USA —Anumana, a company spun out of the Mayo Clinic Platform, has teamed up with Pfizer to develop an AI tool that analyzes ECGs for evidence of the disease.

Through the partnership, Anumana will conduct a clinical trial and seek regulatory approval, according to Anumana’s news release.

Anumana, which was founded in 2021 and is part of the portfolio of the nference software company, plans to develop the AI-ECG tool as a software-as-a-medical-device (SaMD) and market the algorithm in the United States, Europe, and Japan.

Anumana has previously with the Mayo Clinic developed software to address cardiac issues.

The health technology company licensed AI-ECG algorithms from Mayo Clinic for low ejection fraction, hyperkalemia, and pulmonary hypertension.

All the algorithms have received breakthrough device designation from the US Food and Drug Administration (FDA).

The most recent software targets cardiac amyloidosis, a frequently undiagnosed and progressive disease characterized by stiffening of the heart walls, interfering with the function of the left ventricle.

Shortness of breath, knee pain, bilateral carpal tunnel syndrome, kidney disease, and gastrointestinal issues are among the symptoms.

The condition is difficult to diagnose due to the wide range of symptoms. Early detection would allow clinicians more time to develop more effective treatment plans, improving clinical outcomes over time.

The company stated that the research deal with Pfizer will help deepen its efforts in implementing AI-enabled early detection software, which can help in revealing the signals from ECGs that cannot be interpreted by humans.

The challenge in diagnosing cardiac amyloidosis can prevent patients from getting treatment while the disease continues to progress,” David McMullin, Anumana’s chief business officer, said in a press release.

We believe this collaboration [with Pfizer] will demonstrate the power of Anumana’s AI-ECG algorithms to help clinicians intervene earlier, giving them greater ability to improve patient outcomes and prolong lives.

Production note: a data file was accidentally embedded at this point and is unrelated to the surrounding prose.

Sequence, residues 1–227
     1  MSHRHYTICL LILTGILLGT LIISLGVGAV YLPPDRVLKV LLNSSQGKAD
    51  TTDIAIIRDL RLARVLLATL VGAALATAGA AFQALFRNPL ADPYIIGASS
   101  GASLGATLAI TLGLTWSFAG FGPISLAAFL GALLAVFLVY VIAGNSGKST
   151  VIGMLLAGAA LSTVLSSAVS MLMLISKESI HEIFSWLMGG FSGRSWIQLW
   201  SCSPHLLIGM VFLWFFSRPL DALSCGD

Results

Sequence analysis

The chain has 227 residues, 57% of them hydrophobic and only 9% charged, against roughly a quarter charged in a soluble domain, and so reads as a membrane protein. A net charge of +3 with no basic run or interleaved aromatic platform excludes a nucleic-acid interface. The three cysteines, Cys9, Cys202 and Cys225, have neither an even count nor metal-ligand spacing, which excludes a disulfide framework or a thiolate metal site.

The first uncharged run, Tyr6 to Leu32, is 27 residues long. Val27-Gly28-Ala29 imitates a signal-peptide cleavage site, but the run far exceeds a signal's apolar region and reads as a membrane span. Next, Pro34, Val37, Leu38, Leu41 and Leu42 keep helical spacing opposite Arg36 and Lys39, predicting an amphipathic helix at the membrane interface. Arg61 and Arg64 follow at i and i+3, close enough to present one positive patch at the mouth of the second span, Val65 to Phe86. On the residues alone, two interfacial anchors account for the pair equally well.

The non-invasive, painless 100-year-old ECG test gives the potential to AI-ECG algorithms to reach more patients earlier.

The project is the latest of many that aim to use AI to spot infinitesimal trends in data that might not be picked up by manual data review until much later.

This is not Anumana’s first pharmaceutical collaboration. It announced a strategic collaboration with Novartis earlier this year to develop AI tools to detect cardiovascular diseases.

They will first concentrate on algorithms that analyze ECGs to detect left ventricular dysfunction, which can lead to heart failure, as well as atherosclerotic cardiovascular disease, which can lead to heart attack and stroke.

Anumana announced last month that it had acquired NeuTrace, a company that develops AI applications for analyzing electrical signals in the heart.

nference has also expanded its collaboration with the Mayo Clinic. It launched its real-world evidence-generation platform, nSights, in September.

Another Mayo Clinic-affiliated heart health project recently received 510(k) clearance. Ultromics announced earlier this month that its machine learning-based decision-support system for detecting heart failure with preserved ejection fraction had received FDA approval. EchoGo Heart Failure was created in collaboration with the Mayo Clinic.

Meanwhile, Pfizer has been working on treatments to address the condition’s thickening of the heart muscle.

Its most recent blockbusters, Vyndaqel and Vyndamax, were approved in May 2019 to treat cardiomyopathy caused by transthyretin-mediated amyloidosis (ATTR), and the company has worked to raise awareness of the disease.

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